The impact of coronavirus on schools and examinations served to bring the inequalities in education into the light of day. But alongside this there has been an overwhelming sense that analysis, analysis, analysis has overtaken positive action. The words of the Elvis Presley song were penned in a somewhat different context back in 1968. But they have been used in many political campaigns since. They are revisited here because it seems we have a government that has seen plenty of evidence of the searing inequalities in fair access to education and opportunity yet choses to turn away from taking adequate action.
Yet another analysis emerged in Scotland that shows the profound inequalities that exist and are exacerbated by government policies. This was revealed on the 18th October 2020 in a report on the distribution of downgraded of exam results in Scotland this summer. It took a closer look under the weighty stone of ‘standardisation’ and found things the government would like to be left alone. Those with greater advantages seem to fare better and take the pole positions in access to the elite universities without the burden of fees.
The shocking outcome of down grading in Scotland.
A report by Barry Black of Glasgow University’s ‘Urban Big Data Centre’ on the 18th October 2020 ‘The Scottish Qualifications Authority’s 2020 Alternative Certification Model – the deprivation impact’, will have gone unnoticed in the rest of the UK. Yet it raised considerable interest in the local press across Scotland, and in particular in Scottish cities. And so it should. It explains why the Scottish government had to act so quickly and precipitate and similar U-turn on calculated exam grades across the rest of the UK (see TEFS 11th August 2020 ‘Stupid or wilful: Exam results common sense fails to spread from Scotland’)
This was especially noticeable in Edinburgh where the range of down grading went from a staggering 46.1% in one state school (close to where I live) to only 6.3% in a well known independent school. Independent schools magnify the social divisions most in the capital and COVID-19 has revealed something stark. Black simply compared the downgrading with the proportion of school students in receipt of free school meals. The first thing to notice is the wide range of schools requiring assistance to feed their students. None at the 41 independent schools to over 40% in fine of the most deprived schools. The results are more striking for the Higher results. In Scotland, these examinations mark the future, or not, in Higher Education for those taking them. They are the main gateway to upward social mobility. The figure shown here illustrates the stark reality for those with few advantages and the way the examination standardisation this summer punished them the most.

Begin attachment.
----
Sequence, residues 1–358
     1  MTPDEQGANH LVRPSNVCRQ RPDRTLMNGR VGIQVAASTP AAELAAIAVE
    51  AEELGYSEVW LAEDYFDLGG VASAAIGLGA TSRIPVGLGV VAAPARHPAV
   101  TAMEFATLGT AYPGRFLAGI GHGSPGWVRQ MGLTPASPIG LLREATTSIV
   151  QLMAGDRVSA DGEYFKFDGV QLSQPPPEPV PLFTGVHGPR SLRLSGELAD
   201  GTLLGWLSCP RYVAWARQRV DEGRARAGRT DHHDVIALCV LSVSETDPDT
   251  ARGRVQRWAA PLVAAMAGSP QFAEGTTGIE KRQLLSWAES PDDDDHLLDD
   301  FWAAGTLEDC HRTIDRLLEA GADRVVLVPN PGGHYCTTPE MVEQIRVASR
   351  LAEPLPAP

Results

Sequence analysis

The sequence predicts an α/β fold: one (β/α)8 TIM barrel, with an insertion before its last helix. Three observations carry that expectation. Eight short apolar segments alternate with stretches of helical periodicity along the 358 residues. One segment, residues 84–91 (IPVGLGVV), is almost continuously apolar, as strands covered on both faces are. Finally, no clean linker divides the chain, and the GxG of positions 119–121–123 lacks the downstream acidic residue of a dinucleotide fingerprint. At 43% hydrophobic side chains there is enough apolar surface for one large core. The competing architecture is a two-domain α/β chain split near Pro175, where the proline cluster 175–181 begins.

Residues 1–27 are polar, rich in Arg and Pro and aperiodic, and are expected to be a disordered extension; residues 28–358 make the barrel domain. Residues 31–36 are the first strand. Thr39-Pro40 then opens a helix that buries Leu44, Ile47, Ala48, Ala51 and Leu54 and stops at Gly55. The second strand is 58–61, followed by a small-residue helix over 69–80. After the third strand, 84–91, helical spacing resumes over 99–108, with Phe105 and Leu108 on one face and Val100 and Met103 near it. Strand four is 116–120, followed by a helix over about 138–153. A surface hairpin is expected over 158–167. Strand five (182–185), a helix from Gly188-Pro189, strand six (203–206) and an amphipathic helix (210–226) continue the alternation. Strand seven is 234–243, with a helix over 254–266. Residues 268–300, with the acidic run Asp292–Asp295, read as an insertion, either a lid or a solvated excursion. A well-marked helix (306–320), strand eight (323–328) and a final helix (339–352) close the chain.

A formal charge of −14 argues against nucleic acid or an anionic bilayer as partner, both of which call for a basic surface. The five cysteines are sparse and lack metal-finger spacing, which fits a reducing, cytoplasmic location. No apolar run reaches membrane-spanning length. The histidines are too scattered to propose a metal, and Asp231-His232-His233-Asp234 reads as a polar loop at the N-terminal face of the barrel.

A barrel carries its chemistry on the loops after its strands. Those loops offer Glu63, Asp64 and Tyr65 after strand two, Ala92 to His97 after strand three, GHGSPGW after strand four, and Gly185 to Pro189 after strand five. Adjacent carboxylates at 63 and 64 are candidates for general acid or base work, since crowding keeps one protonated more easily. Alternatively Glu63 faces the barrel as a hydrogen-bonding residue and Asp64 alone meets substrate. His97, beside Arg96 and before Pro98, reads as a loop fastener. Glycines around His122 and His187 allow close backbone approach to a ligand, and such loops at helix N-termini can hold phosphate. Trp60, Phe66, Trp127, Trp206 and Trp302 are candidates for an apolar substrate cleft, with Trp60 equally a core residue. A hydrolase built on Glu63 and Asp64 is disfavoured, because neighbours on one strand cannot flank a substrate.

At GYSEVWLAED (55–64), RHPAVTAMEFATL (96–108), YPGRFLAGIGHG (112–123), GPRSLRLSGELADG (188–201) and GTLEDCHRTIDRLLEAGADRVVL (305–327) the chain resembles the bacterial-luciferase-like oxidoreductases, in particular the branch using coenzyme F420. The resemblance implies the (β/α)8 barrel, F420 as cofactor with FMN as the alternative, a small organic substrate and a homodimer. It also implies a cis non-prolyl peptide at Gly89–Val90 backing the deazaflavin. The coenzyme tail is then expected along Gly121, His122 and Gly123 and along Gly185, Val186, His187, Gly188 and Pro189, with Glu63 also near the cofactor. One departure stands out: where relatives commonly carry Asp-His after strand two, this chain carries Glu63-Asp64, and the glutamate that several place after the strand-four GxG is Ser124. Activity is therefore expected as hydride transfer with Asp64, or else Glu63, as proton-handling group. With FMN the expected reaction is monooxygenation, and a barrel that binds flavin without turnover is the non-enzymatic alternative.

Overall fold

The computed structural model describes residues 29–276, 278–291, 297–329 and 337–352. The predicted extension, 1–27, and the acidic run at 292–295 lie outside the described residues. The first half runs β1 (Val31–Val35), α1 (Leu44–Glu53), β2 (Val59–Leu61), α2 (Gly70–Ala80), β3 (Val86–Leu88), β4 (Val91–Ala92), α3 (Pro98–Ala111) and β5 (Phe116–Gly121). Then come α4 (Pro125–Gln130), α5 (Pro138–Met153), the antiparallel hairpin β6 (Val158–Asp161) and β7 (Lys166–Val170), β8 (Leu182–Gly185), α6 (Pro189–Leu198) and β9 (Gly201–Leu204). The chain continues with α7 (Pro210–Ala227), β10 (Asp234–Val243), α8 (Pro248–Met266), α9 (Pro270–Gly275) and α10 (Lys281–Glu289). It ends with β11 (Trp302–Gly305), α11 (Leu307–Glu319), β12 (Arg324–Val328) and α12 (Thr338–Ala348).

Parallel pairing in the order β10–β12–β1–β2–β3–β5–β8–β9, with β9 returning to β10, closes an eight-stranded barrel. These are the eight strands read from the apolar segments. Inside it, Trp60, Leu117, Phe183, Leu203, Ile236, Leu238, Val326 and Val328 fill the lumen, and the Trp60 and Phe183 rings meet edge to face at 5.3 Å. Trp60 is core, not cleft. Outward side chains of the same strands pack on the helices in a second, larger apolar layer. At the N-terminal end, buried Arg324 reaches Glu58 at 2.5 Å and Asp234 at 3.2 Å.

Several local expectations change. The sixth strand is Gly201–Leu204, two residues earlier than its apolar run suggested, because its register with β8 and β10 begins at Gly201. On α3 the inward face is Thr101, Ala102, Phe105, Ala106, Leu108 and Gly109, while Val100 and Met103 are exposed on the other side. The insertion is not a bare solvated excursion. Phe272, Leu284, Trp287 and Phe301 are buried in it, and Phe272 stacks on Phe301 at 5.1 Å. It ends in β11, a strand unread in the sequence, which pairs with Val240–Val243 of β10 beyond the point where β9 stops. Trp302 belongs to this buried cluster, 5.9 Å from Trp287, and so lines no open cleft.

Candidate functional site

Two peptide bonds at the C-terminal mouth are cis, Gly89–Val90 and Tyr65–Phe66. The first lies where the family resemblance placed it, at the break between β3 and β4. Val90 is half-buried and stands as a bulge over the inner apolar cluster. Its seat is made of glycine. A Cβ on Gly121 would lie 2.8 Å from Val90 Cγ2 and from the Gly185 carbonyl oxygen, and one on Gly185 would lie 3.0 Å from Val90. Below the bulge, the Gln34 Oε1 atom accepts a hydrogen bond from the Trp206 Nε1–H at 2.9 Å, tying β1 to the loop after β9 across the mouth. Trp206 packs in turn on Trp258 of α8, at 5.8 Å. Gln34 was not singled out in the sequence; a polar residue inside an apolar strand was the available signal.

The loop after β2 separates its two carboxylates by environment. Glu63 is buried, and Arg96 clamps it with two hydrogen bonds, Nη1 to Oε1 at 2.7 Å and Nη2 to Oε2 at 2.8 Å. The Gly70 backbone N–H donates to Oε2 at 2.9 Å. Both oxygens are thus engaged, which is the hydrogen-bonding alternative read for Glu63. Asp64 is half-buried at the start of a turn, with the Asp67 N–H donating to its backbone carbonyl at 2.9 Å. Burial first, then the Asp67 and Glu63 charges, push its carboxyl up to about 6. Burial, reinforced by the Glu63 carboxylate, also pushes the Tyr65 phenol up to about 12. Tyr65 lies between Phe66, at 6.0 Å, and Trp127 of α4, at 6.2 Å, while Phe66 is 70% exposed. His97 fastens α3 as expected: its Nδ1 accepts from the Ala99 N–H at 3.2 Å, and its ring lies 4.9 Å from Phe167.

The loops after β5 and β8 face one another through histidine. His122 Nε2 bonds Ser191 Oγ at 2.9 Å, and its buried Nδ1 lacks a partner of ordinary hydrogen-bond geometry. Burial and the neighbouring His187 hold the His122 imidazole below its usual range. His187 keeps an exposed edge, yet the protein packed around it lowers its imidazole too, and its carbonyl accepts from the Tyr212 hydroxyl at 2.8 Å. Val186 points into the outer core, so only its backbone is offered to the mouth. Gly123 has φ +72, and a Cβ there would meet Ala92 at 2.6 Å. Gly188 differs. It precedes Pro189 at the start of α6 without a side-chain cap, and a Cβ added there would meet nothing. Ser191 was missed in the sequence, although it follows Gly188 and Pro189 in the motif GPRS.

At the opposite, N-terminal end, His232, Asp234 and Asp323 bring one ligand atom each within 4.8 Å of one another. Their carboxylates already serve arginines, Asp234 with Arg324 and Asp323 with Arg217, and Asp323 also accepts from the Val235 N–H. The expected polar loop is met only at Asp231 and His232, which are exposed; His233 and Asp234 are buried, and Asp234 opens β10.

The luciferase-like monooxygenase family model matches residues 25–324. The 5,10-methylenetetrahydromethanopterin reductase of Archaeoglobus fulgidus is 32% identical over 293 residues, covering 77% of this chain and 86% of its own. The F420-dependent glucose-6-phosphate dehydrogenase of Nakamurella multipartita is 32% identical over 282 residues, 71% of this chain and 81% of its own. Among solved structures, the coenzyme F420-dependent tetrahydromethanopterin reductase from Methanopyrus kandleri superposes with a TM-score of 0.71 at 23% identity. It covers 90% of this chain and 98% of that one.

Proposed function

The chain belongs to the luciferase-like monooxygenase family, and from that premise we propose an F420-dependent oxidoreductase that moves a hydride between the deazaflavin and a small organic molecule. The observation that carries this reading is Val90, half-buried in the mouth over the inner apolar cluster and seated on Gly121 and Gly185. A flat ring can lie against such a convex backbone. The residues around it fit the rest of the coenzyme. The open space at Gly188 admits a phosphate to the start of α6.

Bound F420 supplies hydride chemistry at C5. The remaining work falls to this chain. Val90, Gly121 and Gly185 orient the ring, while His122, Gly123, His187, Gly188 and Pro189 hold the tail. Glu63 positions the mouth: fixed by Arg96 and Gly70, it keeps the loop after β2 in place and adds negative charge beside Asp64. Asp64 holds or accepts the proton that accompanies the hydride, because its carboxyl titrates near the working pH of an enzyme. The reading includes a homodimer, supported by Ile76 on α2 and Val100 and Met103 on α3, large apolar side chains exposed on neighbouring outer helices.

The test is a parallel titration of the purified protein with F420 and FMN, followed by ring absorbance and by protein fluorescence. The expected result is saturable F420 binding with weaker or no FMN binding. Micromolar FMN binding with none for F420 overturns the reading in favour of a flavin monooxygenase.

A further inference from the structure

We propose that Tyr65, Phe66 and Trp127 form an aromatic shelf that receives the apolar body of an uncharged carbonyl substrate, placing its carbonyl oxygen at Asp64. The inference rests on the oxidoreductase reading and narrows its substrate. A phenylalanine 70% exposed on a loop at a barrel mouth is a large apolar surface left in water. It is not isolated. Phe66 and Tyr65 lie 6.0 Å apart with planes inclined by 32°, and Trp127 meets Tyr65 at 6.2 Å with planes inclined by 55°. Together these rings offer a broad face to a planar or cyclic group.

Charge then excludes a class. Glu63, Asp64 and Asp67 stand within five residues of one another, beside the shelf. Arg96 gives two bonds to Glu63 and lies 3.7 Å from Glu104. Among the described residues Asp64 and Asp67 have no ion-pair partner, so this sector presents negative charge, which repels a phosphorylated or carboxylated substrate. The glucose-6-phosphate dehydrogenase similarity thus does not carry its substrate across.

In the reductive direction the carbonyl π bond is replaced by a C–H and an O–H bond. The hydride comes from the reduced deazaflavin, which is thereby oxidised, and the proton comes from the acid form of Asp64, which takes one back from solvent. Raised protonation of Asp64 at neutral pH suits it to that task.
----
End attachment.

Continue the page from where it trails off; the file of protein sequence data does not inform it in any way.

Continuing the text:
Torrents of ‘analyses’.
There have been torrents of analyses that all point the same way to inequality and unfairness. This week is no exception as more came pouring in. The Guardian reported that students in care get some or little help depending on where they live (Guardian 29th October 2020 ‘A postcode lottery is stopping children in care from going to university’. This is despite the glaring well documented gap showing that “The numbers are staggering: just 12% of care-experienced pupils compared to 42% of their peers”. This was known for years and is neglected.
The Sutton Trust is often in the vanguard of advocating help for disadvantaged students. Yet they must be disheartened by the feeble response coming from the government. Their report yesterday ‘PQA: Reforming university admissions’ indicated that most students would like to see a move to post qualification admissions to universities. This is because the most advantaged students benefit more from being made offers in advance of their exams. Yet it persists despite the Sutton Trust showing that “almost 1,000 disadvantaged high-achieving students per year have their grades under-predicted” (Sutton Trust 19th December 2017 ‘Rules of the game’).
The only explanation for the inaction must be a determination to maintain the status quo. We must ask, who benefits the most? The answer is obvious. Elvis Presley also said, “Adversity is sometimes hard upon a man; but for one man who can stand prosperity, there are a hundred that will stand adversity”. It seems the status quo will prevail as long as this remains the case.
Mike Larkin, retired from Queen's University Belfast after 37 years teaching Microbiology, Biochemistry and Genetics. He has served on the Senate and Finance and planning committee of a Russell Group University.